#Tambo100: Can the ANC alliance be saved?
Johannesburg - Today the ANC is celebrating what would have been the 100th birthday of its longest-serving leader, Oliver Tambo, as desperate efforts intensify to stop the real prospect of a split in the party and the end of its alliance with the SACP and Cosatu.
On Thursday, leaders of the ruling party and the SACP met behind closed doors in Joburg to try to save their historical ties in the wake of President Jacob Zuma’s recent cabinet reshuffle, during which he dumped SACP boss Blade Nzimande.
ANC spokesperson Zizi Kodwa authored a stinging letter to Tambo, in which he decried the lack of leadership in his party and apologised for erring and letting the movement falter on their watch.
The ANC was in a desperate situation, Kodwa told Tambo, who served the ANC’s external mission for 30 years.
Kodwa, a former spokesperson of the ANC Youth League and the Presidency, is also the party’s national executive committee deployee to the Eastern Cape.
He was one of the senior leaders of the organisation who presided over the recent conference of the province that was dubbed “the festival of chairs” after the meeting degenerated into chaos.
“The challenge confronting
the movement today is not a vicious apartheid state, but vultures within, who have no qualms about obliterating your legacy and sacrificing the values our glorious movement has embodied at the altar of greed and personality cult,” he said.
Seen to be a close ally of ANC secretary-general Gwede Mantashe, Kodwa said the most dangerous and “devastating” development was the people's loss of trust in the ANC, which had led to the party losing several metros in the local polls last year.
“We have lost our way and have become arrogant in power. Your movement, comrade president, is crying for leadership. Your country is crying for leadership that can restore confidence and inspire hope,” he said.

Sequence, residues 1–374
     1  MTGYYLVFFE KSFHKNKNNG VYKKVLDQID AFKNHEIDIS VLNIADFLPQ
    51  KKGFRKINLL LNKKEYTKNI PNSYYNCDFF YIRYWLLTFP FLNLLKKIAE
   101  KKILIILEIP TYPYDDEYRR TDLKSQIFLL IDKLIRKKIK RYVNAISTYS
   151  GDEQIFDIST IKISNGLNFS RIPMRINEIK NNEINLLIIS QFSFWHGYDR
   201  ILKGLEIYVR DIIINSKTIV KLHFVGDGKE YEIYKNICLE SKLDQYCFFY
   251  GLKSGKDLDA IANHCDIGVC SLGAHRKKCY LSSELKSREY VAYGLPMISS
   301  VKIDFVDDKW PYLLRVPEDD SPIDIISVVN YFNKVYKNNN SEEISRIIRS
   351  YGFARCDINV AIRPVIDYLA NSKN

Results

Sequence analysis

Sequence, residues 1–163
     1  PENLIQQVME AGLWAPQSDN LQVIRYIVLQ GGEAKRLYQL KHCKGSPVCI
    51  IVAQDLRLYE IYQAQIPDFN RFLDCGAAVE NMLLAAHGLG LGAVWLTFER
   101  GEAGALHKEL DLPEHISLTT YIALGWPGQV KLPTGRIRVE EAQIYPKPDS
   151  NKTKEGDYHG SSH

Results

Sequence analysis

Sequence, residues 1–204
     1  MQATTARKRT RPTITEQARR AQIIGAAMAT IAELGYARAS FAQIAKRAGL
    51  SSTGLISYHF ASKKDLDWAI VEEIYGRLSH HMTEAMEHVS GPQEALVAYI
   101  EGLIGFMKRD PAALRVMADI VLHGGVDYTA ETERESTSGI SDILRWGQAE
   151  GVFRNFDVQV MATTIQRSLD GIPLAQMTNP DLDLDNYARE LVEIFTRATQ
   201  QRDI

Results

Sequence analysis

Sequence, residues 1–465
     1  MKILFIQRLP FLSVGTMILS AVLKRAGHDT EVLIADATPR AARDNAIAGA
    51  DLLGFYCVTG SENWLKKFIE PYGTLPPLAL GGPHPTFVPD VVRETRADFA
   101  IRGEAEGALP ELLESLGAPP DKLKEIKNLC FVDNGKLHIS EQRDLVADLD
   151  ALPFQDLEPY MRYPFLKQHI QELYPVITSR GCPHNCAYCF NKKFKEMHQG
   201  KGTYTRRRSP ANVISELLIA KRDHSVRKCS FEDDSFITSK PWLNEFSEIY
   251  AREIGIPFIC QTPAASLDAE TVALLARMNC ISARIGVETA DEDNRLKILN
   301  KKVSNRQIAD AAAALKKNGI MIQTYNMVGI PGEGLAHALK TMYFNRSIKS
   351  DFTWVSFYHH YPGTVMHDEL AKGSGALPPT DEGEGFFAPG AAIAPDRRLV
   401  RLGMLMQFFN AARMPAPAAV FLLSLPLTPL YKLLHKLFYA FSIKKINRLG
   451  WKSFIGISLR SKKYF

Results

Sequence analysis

“Sadly, whenever we speak of unity, we make reference to you. Unity needs a figurehead to champion it in action, words and conduct."
Kodwa also warned that the tripartite alliance was teetering on the brink of collapse, which would have dire consequences for the ANC.
“I am saddened to report to you that your glorious movement is more divided than ever before, with some among us elevating personality cults above the unity and cohesion of the ANC.
"It saddens me to report that our revolutionary alliance relations are at an all-time low, with the SACP contemplating to go it alone in the future election,” he said.
On Thursday, Zuma and Nzimande faced each other for the first time since the president fired the Communist Party leader as the minister of higher education.
The two led their respective party delegations to the long-awaited alliance political council, which also comprised Cosatu and the South African National Civic Organisation.
Cosatu was led by its president, S'dumo Dlamini, a long-time ally of Zuma.
The seating arrangement in the boardroom on the 11th floor of Luthuli House reflected the tension between the ANC and its alliance partners.
Dlamini sat alongside Zuma and his deputy Cyril Ramaphosa, while Nzimande sat on the same row with his fellow SACP leaders and Cosatu general secretary Bheki Ntshali-
ntshali, who have been vociferous in their appeals for Zuma to step down.
ANC deputy secretary-general Jessie Duarte tried to play down the tension inside Luthuli House but conceded that their political council was long overdue due to their political differences on various issues.
Duarte did not want to apportion any blame but said their meeting was intended to deal with their party differences, which included the calls by Cosatu and the SACP for Zuma to go.
On Thursday, both Cosatu and SACP officials told The Star, on condition of anonymity, that at the meeting they would call for Zuma to step down.
On October 20, the axe fell on Nzimande. Three days later, Zuma issued a proclamation to the Special Investigating Unit (SIU) authorising the investigation of corruption and maladministration in the affairs of the Public Service Sector Education and Training (PSETA).
PSETA fell under Nzimande while he was minister.
In his proclamation, Zuma ordered the SIU to investigate
the allegations of serious maladministration in connection with the affairs of the organisation and improper and unlawful conduct
by employees or officials of PSETA.
Earlier in the week, Nzimande confirmed that he was aware of the probe. He told Eyewitness News he was informed by the Justice Department ahead of Zuma making the proclamation.
SACP spokesperson Alex Mashilo was not available to respond to the allegations.